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When I first started my campaign, I had level 1s, 3s, 7s, 11s, 23s, etc. Brigandine does not start you off from the beginning with everything at level 1, you’ll have experienced knights, new knights, apprentice knights, an actual array of an army which adds to the experience and strategy it wishes to employ. What was originally a turn-off in gameplay turned out very reasonable! Low levels let you choose customisation and paths for characters how you see fit, whereas higher levels already have pre-determined earlier choices. Gaining level ups can be done with ease through battle experience, but in the Base Menu, you also have the opportunity to send them to training missions which have no dangers besides occupying that knight for the season.

Whereas training missions reward knights with experience, you can alternatively send them out on actual quests. Quests are how you’ll receive equipment, knights, and/or monsters, so you’ll need to balance the outweighing of a loss of knight for a season vs the potential rewards. Be forewarned though, you can receive duplicates and/or class-specific armours which essentially destroys the potential reward if its something you have no need for or can’t use.

Questing in Brigandine is an essential process though as you’ll have low-level knights that need experience, need new knights, new monsters, and new equipment. I’ve already talked about training quests, so we’ll focus now on exploration quests. Exploration quests are what gives you rewards of new stuff, the success of these missions is dependent on the knight you sent. In the quests menu, you’ll have a summary of every mission before send-off, so you know what to likely expect; quest name, reward types, and outlook. The reward types occasionally have a flashing Rune Knight icon which will indicate if there’s a potential of earning a new knight – which I greatly appreciated as there’s enough RNG involved already without guessing if you’d get a knight reward or not.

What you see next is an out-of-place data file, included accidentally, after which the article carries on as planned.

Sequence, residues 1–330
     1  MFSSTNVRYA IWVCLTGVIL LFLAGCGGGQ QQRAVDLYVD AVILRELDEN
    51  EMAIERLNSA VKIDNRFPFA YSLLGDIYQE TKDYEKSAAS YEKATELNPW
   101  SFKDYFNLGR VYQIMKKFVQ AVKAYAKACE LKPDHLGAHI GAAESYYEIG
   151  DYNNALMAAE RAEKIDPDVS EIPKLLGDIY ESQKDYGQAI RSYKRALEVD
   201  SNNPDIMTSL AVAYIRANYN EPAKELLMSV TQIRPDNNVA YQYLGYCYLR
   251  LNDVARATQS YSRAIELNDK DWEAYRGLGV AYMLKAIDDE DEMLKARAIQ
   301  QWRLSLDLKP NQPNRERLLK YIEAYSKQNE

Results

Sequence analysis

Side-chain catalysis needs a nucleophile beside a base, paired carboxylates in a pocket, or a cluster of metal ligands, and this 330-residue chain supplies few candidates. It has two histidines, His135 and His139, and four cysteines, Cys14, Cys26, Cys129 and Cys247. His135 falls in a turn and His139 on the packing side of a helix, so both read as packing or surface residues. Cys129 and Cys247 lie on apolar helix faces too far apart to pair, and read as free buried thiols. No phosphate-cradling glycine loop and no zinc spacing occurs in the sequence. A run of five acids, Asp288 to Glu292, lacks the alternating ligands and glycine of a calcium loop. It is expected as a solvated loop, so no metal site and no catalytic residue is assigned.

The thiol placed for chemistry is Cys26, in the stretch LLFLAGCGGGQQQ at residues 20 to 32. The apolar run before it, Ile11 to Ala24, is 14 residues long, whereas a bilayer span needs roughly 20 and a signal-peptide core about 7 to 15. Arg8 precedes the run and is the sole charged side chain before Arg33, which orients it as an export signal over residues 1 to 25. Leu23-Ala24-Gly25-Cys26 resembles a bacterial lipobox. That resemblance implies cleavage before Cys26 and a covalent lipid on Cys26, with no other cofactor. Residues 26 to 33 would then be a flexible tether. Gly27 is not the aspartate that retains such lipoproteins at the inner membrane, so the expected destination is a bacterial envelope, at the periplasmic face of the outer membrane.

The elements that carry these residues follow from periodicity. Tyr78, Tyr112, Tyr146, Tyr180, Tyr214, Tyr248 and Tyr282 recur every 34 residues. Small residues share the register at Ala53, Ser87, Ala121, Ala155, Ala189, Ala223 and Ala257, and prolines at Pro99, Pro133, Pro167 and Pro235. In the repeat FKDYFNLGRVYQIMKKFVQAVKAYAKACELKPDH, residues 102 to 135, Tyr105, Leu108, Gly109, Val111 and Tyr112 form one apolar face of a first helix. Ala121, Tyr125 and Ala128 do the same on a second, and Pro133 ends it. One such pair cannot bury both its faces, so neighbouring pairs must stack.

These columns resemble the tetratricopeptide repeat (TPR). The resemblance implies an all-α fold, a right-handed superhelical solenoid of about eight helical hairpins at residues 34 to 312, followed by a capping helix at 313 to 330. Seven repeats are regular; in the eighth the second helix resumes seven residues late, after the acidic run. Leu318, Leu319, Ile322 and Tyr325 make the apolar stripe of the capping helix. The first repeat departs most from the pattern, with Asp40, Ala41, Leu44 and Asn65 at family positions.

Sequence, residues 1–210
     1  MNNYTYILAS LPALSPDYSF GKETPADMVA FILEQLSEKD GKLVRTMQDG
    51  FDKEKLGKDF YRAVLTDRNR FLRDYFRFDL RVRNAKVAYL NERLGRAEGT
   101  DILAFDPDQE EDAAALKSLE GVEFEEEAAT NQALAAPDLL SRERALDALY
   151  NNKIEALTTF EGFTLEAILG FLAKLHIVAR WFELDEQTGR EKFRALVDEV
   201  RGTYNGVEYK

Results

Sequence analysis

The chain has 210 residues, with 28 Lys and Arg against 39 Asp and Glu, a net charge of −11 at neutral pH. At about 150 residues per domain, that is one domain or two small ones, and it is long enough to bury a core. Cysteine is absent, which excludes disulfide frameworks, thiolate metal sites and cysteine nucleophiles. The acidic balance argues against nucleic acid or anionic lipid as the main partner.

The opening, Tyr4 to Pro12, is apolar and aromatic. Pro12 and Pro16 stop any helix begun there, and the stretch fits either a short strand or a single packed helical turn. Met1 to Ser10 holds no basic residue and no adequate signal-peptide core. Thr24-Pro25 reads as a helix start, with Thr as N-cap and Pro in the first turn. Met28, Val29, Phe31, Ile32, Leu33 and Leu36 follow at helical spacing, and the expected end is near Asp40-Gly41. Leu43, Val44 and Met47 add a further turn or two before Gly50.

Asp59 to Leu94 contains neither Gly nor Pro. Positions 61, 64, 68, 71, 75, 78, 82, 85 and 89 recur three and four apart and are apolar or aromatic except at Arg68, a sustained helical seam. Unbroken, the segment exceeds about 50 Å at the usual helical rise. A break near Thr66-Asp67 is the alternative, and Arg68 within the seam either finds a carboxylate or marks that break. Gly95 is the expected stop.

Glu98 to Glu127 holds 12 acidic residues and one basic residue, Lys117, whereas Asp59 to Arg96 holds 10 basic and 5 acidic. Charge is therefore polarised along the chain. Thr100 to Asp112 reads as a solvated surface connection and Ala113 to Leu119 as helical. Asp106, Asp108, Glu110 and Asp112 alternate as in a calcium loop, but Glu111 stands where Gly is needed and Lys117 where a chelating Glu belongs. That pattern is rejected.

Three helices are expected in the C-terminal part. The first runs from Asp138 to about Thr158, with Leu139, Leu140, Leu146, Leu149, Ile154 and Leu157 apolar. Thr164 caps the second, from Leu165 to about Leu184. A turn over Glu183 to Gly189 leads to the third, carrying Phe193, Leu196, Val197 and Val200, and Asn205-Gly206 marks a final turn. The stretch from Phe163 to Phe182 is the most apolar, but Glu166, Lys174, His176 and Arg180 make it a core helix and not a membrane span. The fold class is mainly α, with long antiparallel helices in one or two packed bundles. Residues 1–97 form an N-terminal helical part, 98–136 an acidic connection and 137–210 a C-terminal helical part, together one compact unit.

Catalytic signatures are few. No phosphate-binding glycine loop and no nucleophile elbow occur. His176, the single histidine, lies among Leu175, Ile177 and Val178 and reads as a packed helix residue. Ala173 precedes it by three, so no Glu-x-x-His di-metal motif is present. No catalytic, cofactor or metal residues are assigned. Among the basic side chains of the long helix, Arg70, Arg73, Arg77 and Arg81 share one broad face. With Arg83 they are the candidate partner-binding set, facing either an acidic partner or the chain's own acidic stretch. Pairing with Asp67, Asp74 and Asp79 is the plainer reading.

RNG is not as relied on as one would think though as every quest has an outlook, the degree of how successful the mission will be, which changes with the knight’s level or class. This greatly plays into the strategy of conquering Runersia, do you take the chance of taking over the neighbouring city even though your Paladin is earning a new knight? Do you send a lesser successful class because you’ll need the healer with the encroaching enemy? Like everything else, Brigandine is all about strategy and the choices you’ll make.
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Once you finish your organisation phase, it’s time to bring the heat to the enemy via Brigandine’s combat! On paper, it’s a simplistic idea; be the remaining force on the field to take over control of the invaded region or to defend your nation. You’ll have two options on how to approach this, by either defeating the knights or the ruler. The knights are common enemies and their defeat results in the withdrawal of their troops, whereas the defeat of a ruler will result in the withdrawal of all enemy forces.


Battles take a good amount of time to complete, each separate invasion can last upwards of a half an hour or more! Every knight, as stated previously, has a gaggle of monsters under their control, and you’ll see their ‘influence’ circle in blue; if they move outside of this influence then they’ll become drastically weaker, though it’s a rather large circle. Inside this circle will be different varying terrains that’ll affect different units based on the units preferred terrain type; Plains, Forest, Mountain, Swamp Water, or Sky. The modifier affects the mobility, accuracy, and evasion stats for a unit, which I found myself prioritising as you’ll often have wide differences of levels and stats in battles. It’s not uncommon for a level 4 to be fighting a level 15 in that regard.

You wouldn’t think it’s easy to get an enemy to stay on a disadvantaged tile for long, but that’s where Brigandine pulls its limitless strategies card! Each unit has a Zone of Control (ZoC), which is the surrounding 6 hexagons of a unit, and when two units of the same side’s ZoC connect it creates an impassable area allowing you to manipulate the enemies path. If you manage to connect the ZoC’s on-top of an enemy though, your influence over them will prevent them from moving! So, as you can see, it’s just a continual chain of strategies that have more depth than in any strategy game I’ve seen in a long time. The one strategy that I was probably most impressed with though was friendly fire; a good majority of spells and skills that have AoE has friendly fire, forcing you to strategise even further – as does the A.I.